Via Blake Farmer at WPLN, the UAW has dropped its National Labor Relations Board challenge over the organizing vote at the Chattanooga plant, calling the process flawed.
Casteel calls the National Labor Relations Board review a “toothless tiger.” He points to one other time the UAW was able to get a new election that way. It took six years.
The open-carry vote took the lieutenant governor aback:
“I was caught a little off guard,” said Ramsey. “I’m standing on the dais. What do I do?”
Well, he voted for the bill (SB2424), which would allow anyone who can legally own a firearm to carry it openly without a handgun permit. It passed 25-2 on April 8 with the only two no votes coming from Senate Democratic Caucus Chairman Lowe Finney of Jackson and Sen. Brian Kelsey, R-Germantown.
“Let me assure you, there were many of our members who (were thinking), did that really just pass?,” said Ramsey. “That was one of the most interesting votes I’ve ever seen on the Senate floor: relatively little debate and I think that bill does deserve better debate.
“I feel like the carry-permit system we have now is a good one, that we have a bright line between the good guys and the bad guys, so to speak,” Ramsey said.
Citing a think-tank type, Duane Gang of The Tennessean, writing for USA Today, reports other states will be keeping an eye on Tennessee's free community college program.
Via Pith, a compromise has taken banning center lanes off of the table, but Mayor Karl Dean's signature bus rapid transit project will still need approval from the General Assembly if it has any form of dedicated lane.
As for the final legislation pertaining to The Amp, Turner said it's bad, but better than the original Senate language that would have effectively killed the project as it's currently proposed.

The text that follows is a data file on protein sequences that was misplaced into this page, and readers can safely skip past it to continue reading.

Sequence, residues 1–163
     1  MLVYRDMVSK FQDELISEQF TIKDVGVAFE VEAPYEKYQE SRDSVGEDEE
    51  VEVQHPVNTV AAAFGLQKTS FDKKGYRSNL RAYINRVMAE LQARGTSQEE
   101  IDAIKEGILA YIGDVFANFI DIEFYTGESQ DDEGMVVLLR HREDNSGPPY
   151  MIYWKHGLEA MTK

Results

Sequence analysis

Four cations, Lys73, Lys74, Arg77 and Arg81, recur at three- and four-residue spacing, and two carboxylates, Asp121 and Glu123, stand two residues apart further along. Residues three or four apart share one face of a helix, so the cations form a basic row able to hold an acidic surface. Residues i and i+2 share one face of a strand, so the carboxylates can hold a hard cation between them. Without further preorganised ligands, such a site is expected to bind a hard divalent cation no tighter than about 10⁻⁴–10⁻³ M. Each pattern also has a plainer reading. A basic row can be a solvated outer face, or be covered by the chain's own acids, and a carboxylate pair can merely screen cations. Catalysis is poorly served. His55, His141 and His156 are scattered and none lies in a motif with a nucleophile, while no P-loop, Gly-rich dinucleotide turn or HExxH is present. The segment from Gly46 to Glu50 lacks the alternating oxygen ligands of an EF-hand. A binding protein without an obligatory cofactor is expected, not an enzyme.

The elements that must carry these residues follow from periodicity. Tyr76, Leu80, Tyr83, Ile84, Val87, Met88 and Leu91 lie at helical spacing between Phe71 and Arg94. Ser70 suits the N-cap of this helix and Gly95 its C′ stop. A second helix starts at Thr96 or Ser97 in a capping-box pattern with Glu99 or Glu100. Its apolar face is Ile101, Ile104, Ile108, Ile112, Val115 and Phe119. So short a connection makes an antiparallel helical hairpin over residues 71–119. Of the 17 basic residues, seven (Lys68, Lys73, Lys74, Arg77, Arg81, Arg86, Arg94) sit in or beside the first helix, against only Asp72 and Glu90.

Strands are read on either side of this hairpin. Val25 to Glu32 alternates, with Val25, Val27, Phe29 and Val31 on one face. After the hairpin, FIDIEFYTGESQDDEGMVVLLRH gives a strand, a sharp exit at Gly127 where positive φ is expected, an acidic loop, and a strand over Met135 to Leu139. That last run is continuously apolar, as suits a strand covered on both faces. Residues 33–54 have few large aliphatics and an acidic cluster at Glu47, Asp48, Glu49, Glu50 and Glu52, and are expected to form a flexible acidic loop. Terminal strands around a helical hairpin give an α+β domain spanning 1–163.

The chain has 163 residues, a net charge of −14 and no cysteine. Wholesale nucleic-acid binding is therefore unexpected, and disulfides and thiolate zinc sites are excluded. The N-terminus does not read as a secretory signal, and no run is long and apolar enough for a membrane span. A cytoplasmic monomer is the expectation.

"I'm not comfortable with the deal, no, because I think we're stepping in — we've set a precedent here," he said. "And I think it's going to get very burdensome for the state to have to do this if we starting having to approve individual projects across the state like that. It's worked fine the way we do it. They say this is a new type of project, of course that's not what this is about, this is a political thing. This is the best thing for Metro Nashville, best thing we could've done. It's the compromise we ended up with."
Mike Schatzlein, president and CEO of Saint Thomas Health Services and chair of the Amp Coalition, had the following to say this afternoon:
“We are satisfied with the outcome in the General Assembly today. This bill clearly defines approval levels of local and state participation in the transit project process. We look forward to our continued involvement in planning for Middle Tennessee’s urgent and growing transit needs. The Amp Coalition will stay committed to educating the community and region about the benefits of The Amp as the first step in a Middle Tennessee transit strategy.”
Well, now, here's a sticky wicket.
A release from House Dems:
The Tennessee House has passed HB2029 by Rep. Andy Holt (R-Dresden) on a vote of 58-37. While the sponsor said the bill and the resulting new classification of vandalism was geared towards stopping flash mobs, in fact, it places vandalism in the form of pollution in this new class, and makes it punishable only as a misdemeanor, no matter the monetary amount of property damage done as a result of pollution.
“Because the Republican leadership has focused on shutting down debate rather than writing good laws, we’ve just passed legislation that could have dramatically damaging consequences,” said Rep. Mike Stewart. “House Bill 2029 is a gift to all corporate polluters who want to cut corners, destroy our environment, and pollute Tennessee farm land in order to make a few extra bucks.”
In order to address the problem, Rep. Stewart introduced an amendment to HB1687 that would have fixed the problem created with the passage of the bill by deleting the language in Rep. Holt’s bill as it relates to pollution.
“By voting against my amendment, the House confirmed my suspicions that this was a Trojan horse bill designed to help corporate polluters,” said Rep. Stewart. “I hope the Governor will take a strong look at HB2029 and veto it for all the property owners who could be harmed by these actions.”
- BRASWELL, ROBERT
- GARRETT, JOHNNY C EXECUTOR; GARRETT, JOHNNY C IV EXECUTOR; GARRETT, ANN BIGGER ESTATE; GARRETT, TIMOTHY M EXECUTOR
- GARRETT, TIMOTHY M EXECUTOR; GARRETT, ANN BIGGER ESTATE; GARRETT, JOHNNY C EXECUTOR; GARRETT, JOHNNY C IV EXECUTOR
- GARRETT, JOHNNY C IV EXECUTOR; GARRETT, JOHNNY C EXECUTOR; GARRETT, ANN BIGGER ESTATE; GARRETT, TIMOTHY M EXECUTOR